CONAN: Ethan Bronner, the organization, the Palestinian Authority, has implicitly accepted the right of the state of Israel to exist. Hamas, however, has not, and calls for the destruction of the state of Israel.
Mr. BRONNER: Right. So I'll just direct - first to try to answer the question -I mean, you're right. But before we get to Hamas, I just want to say that, in fact, in 1993, when the Palestine Liberation Organization and Israel exchanged letters and began what was called the Oslo process, the PLO did recognize the existence of the state of Israel as a legitimate state.
What Prime Minister Netanyahu is asking for, and perhaps the listener agrees, is for them to say that it is the Jewish state. And the Palestinian argument has been: It's not up to us to tell you what your state is. You're the state of Israel, and there are - 20 percent of your population is Palestinian, non-Jewish. We don't want to prejudice either their rights or the possibility of a future return of refugees. So we're not going to tell you what it is.
But we certainly acknowledge that you have a state and a right, a legitimate right to a state.
That's not what Prime Minister Netanyahu wants to hear. And you are right, Neal, also, that Hamas, which is an important part of the Palestinian political scene, probably about a third, has never acknowledged Israel's legitimacy or existence.
But you know, to make the argument for the Palestinians for a second again, there are plenty of parties in Israel that do not believe there should ever be a Palestinian state, and some of them are in the governing coalition as well.
CONAN: Charlie, thanks very much for the call.
CHARLIE: Thank you very much.
CONAN: Appreciate it. And as we go ahead, Ethan Bronner, there are divisions, as you mentioned, within the Palestinians, the big one between Hamas and Fatah, the PLO, who control different entities within the state of - within the Palestinian territories.
But this unity agreement, does that put the kibosh on any hope of negotiation as long as Hamas is part of the Palestinian government?
Mr. BRONNER: Well, it is certainly threatening it, at least as far as the Israelis are concerned. And I think the Americans are quite worried about it too.
What President Abbas of the Palestinian Authority's response is, look, we are in the process of negotiating with them. All of Palestine does have to have one government eventually. This is an important part for us to move forward to statehood. And while we're dealing with it, I'm still the president. It's still the PLO. It's still the Palestinian Authority. We recognize Israel and deal with us and let's go forward.
The American Congress actually structured aid to the P.A., pretty specifically to bar any giving of money to Hamas. So far, the Hamas - Hamas is not in any government with the P.A. So who knows?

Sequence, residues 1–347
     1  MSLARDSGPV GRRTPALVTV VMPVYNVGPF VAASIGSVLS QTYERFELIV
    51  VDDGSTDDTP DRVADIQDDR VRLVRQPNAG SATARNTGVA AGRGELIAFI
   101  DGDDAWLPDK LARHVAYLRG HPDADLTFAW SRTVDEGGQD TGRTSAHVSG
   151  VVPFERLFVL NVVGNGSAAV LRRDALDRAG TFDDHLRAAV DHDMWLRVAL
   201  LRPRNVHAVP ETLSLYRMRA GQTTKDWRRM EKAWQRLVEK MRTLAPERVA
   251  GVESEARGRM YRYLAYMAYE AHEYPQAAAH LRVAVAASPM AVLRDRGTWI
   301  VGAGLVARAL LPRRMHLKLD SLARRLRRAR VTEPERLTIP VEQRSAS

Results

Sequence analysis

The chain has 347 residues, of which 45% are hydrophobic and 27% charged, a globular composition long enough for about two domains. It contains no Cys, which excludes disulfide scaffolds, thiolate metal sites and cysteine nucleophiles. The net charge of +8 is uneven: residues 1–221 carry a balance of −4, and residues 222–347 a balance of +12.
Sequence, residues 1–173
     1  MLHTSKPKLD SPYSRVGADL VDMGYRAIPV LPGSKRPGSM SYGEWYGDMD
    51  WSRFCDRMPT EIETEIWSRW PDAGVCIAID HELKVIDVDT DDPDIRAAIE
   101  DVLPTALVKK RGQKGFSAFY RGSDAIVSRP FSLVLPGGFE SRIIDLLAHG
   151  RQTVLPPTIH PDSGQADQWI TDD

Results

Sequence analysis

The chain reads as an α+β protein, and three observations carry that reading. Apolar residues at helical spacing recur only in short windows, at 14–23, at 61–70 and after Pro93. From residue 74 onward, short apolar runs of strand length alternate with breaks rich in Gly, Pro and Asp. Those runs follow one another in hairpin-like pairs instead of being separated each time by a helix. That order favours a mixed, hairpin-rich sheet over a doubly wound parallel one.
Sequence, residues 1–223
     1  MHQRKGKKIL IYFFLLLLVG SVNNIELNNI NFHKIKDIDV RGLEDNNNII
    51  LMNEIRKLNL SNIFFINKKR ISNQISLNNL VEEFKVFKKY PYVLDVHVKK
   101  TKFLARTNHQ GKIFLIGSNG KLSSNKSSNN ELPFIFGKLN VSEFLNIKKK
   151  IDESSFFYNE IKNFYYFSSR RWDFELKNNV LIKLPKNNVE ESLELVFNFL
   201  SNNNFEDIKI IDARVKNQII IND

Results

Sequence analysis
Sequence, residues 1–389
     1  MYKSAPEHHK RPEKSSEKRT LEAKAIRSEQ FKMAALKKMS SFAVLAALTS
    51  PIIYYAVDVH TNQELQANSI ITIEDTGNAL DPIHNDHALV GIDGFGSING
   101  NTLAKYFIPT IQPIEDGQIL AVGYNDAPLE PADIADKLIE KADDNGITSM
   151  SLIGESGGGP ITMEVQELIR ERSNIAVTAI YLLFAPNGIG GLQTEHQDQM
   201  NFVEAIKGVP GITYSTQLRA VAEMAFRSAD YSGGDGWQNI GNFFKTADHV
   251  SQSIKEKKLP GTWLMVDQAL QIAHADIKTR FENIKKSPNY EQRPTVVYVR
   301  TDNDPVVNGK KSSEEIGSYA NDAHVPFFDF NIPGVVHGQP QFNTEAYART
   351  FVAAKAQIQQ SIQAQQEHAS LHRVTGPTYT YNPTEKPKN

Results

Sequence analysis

But it's definitely a problem, and it is certainly, I think, all of us could agree that it is a problem that Hamas does not recognize legitimacy of the state of Israel.
Mr. KESSLER: Yeah. If I could just jump in here. The flipside of it, of course, is that you'll never get a permanent peace agreement if you don't figure out how to deal with Hamas. I mean, it's a three-legged stool, and Hamas is one of part of that stool. Whether or not people like it, they have to, you know, they control the territory in Gaza.
So one thing the international community has never quite figured out how to do is how to get a peace negotiation between the Israelis and the Palestinians in a way that would somehow bring in Hamas so that the thing can be actually consummated.
CONAN: And let me ask you, Ethan Bronner, how is Israel responding to the idea that the Rafah crossing between Egypt and Gaza may be open as soon as this weekend?
Mr. BRONNER: I think they're nervous about it, but they're nervous about it more because of the signal that they think it sends from what the Egyptian government - how the Egyptian government is looking ahead, which is to say that this is an act of friendship toward Hamas on some level, which was what President Mubarak had always rejected.
And, of course, there is the concern that if the border is open, guys who they do not want to get into Gaza because they're associated with violence or resistance, as the Hamas calls it, will get in. And, of course, that there generally be less supervision of the border, and that arms and missiles will continue to come in as well.
So the Israelis are upset about it, but I want to tell you that there's also another issue which is that there is a school of thought in Israel which is that let's keep Hamas and - let's keep Gaza focused on Egypt, and let it be the coming and going spot for Gaza. We close off our border. Let them deal with it.
And there's a school of thought here and the foreign minister, Lieberman, is a proponent of this, which is not that upset to see all the trade go that direction.